In the article “Melted Ice Threatens Sea Level Rise”, the issue of melting glaciers is discussed. Scientists are predicting that by the end of the century the earth will be about 4 degrees warmer, with the sea level being 1-3 feet higher. But these long run implications are not the only thing to be concerned about. As the glaciers melt, they have the potential to move at about 10 meters per minute. This movement has caused an increase in earthquakes in Greenland; especially during July and August.
There are many negative consequences of global warming. Earthquakes and rising sea levels are simply two examples discussed in this article. But global warming can also lead to changes in weather patterns. This past year, global warming was discussed when the hurricanes hit the United States. By changing the seasonal patterns, weather changes could also hurt food production (farmers).
Damage caused by weather can hurt everyone economically. Weather conditions can destroy companies, the can destroy homes, they can wipe out cities. What can be done to correct this problem? Whose responsibility is it to correct it? It is obviously in everyone's best interest to try and reduce global warming, but who should bear the costs?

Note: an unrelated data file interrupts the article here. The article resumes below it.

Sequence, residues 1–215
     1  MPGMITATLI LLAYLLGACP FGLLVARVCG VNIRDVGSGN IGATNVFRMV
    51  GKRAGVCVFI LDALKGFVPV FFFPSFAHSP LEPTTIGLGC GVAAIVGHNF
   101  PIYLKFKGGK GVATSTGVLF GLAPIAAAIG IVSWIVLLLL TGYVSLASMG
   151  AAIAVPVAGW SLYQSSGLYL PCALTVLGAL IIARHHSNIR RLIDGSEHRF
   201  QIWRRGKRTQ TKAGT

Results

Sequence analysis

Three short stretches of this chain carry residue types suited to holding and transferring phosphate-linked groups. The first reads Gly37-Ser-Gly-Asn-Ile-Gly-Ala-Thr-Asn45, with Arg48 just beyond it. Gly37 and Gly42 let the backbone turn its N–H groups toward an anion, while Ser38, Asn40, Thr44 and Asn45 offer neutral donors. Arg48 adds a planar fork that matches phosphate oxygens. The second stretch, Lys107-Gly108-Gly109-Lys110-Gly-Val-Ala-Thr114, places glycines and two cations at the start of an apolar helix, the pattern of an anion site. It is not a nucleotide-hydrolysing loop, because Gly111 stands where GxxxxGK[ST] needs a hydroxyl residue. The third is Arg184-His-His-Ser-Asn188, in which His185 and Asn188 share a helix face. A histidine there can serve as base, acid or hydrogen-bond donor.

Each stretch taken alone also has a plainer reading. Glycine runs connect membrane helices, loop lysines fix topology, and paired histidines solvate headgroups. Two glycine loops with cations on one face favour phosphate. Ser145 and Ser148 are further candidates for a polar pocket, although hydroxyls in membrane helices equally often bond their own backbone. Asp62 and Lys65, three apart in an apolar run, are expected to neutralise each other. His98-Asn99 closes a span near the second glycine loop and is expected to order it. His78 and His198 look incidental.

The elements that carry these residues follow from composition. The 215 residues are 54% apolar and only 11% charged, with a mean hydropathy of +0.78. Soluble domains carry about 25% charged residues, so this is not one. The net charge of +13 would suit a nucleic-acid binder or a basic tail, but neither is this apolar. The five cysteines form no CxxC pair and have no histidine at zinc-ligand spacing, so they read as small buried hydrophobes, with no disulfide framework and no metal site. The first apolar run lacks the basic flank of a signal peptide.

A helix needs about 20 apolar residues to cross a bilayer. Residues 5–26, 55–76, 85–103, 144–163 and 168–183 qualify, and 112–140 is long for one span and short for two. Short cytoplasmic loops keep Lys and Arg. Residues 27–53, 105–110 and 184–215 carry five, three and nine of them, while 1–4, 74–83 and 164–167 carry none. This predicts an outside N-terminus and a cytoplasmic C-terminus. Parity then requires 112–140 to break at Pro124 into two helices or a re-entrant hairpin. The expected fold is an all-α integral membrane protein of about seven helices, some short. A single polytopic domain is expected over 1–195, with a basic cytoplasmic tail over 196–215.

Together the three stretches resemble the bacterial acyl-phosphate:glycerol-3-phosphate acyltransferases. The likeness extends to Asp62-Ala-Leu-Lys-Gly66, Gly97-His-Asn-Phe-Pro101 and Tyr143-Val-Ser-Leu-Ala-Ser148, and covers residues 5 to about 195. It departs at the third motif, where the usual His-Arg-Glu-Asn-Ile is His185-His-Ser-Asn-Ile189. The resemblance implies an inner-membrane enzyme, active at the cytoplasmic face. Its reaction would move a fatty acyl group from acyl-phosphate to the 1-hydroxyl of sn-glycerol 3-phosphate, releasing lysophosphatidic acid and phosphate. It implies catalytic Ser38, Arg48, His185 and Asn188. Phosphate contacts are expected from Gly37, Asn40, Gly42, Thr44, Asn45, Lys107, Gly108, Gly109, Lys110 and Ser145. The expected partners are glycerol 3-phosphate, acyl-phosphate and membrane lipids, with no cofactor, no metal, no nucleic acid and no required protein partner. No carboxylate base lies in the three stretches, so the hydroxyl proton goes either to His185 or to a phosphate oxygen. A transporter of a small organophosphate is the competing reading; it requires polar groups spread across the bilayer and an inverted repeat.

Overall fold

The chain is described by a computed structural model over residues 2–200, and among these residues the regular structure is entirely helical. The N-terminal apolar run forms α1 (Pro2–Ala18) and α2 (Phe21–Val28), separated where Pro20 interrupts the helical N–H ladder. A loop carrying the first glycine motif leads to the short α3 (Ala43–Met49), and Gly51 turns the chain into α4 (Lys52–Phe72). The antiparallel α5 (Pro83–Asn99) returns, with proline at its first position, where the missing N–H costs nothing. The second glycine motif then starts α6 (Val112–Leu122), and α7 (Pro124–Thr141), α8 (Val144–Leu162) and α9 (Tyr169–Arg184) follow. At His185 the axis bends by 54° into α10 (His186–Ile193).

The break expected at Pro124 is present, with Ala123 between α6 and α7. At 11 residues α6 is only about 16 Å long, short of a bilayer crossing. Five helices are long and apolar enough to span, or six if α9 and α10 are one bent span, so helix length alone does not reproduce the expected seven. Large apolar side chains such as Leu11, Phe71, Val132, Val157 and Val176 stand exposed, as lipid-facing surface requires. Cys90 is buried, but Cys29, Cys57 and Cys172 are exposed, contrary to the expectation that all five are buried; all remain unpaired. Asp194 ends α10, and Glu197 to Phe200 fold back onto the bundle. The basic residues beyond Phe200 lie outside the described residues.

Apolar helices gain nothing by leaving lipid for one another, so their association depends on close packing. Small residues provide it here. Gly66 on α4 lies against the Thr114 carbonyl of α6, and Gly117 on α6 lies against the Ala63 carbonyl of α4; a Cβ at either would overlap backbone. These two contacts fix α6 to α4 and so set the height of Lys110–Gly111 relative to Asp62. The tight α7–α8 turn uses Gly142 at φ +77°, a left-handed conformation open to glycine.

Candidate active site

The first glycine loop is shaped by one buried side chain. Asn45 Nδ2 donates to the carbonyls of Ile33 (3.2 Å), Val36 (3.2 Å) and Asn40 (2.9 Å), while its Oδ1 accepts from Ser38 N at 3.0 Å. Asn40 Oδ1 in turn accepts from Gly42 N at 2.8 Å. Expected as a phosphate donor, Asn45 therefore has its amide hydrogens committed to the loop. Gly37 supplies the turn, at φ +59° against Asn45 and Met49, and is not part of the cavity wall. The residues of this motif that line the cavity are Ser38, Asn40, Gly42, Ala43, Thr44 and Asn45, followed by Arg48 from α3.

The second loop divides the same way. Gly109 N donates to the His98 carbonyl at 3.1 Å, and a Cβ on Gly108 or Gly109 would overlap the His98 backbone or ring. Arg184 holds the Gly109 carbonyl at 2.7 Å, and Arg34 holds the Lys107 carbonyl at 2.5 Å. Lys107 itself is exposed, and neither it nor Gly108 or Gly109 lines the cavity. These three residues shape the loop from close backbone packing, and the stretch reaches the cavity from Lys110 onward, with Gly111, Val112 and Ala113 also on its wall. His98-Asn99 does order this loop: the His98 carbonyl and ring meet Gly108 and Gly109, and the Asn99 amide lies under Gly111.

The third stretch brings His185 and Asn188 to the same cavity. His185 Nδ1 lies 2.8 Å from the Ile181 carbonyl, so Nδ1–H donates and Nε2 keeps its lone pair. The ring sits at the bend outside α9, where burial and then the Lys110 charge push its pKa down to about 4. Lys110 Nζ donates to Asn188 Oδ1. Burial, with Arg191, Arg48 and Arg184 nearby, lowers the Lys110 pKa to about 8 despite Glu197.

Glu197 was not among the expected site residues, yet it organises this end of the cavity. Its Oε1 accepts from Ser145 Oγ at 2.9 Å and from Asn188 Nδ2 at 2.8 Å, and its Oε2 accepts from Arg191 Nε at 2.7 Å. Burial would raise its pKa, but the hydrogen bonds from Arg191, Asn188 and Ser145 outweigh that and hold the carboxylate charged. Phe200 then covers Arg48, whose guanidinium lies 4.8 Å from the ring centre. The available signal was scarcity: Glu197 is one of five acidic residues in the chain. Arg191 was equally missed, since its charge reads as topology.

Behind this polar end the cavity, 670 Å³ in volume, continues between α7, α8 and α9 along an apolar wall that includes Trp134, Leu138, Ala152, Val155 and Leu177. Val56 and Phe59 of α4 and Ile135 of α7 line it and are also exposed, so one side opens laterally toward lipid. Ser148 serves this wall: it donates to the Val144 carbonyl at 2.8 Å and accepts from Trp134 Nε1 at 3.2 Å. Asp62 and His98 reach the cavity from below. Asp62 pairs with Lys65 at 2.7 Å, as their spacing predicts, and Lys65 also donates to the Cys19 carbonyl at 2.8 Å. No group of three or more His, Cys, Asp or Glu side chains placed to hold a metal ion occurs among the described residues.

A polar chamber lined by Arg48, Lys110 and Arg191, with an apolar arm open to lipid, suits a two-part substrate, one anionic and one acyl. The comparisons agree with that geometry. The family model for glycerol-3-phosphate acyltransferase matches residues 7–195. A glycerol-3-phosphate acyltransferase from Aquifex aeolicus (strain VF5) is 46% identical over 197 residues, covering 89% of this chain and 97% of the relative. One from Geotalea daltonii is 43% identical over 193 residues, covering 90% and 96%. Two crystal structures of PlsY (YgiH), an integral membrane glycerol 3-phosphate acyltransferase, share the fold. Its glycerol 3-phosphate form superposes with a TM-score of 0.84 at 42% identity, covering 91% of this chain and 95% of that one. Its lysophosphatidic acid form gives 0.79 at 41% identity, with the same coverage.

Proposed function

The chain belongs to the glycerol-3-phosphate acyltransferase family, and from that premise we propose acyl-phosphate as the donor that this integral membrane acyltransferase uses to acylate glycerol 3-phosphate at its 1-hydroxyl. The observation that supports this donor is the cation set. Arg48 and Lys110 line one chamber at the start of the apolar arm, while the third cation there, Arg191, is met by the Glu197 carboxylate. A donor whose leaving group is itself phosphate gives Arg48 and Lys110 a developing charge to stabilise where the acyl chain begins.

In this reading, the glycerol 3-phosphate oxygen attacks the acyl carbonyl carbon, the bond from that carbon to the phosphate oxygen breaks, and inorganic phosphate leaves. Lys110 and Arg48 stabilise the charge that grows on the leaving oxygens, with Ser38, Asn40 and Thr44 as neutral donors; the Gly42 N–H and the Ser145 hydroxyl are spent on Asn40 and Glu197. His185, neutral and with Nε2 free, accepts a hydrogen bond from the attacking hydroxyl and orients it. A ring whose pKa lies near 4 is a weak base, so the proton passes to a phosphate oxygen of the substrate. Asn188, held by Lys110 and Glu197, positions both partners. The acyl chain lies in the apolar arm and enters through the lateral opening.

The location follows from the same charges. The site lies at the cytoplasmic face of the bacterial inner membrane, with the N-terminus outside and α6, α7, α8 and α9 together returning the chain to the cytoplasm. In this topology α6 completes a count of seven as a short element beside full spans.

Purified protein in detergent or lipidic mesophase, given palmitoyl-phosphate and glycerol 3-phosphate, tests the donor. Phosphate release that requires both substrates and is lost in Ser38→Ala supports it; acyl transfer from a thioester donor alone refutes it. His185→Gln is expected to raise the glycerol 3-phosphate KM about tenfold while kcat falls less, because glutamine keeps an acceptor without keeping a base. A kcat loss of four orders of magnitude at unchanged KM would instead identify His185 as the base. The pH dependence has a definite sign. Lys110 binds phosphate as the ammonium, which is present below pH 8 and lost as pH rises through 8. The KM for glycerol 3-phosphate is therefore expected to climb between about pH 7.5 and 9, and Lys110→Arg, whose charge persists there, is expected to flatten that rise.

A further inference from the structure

Posted by cameron cimino at 4/09/2006 09:19:00 PM
Gas consumers can hopefully soon find a relief in prices, but not before they go up once more. Surveys showed that prices increased by 7 percent over the last two weeks and about 42.4 cents throughout the last 6 weeks. Because of refiners converting to new specifications, it added on 14 cents to what distributers and consumers pay. Higher crude prices also added to the increase in cost and because of all of this, retailer's profit margin sank as buying prices rose more then retail prices. Consumers should not worry too much because with an increase in the refining capacities could end the increasing prices. Once the refineries get out of their idle period, gasoline prices will increase and peak, then finally slip in the coming two to three weeks. I think even though they will increase at first, this is good news for both consumers and retailers. Even with a slight increase, once the prices finally fall, consumer purchases should increase greatly. Therefore the retailers profit margin will rise again. Anytime gas prices drop even just a few cents, people are running out to the cheapest station to fill up while the low prices last. As soon as these prices drop, the quantity demanded will increase. Just how long it lasts will depend on how long the decrease in prices will.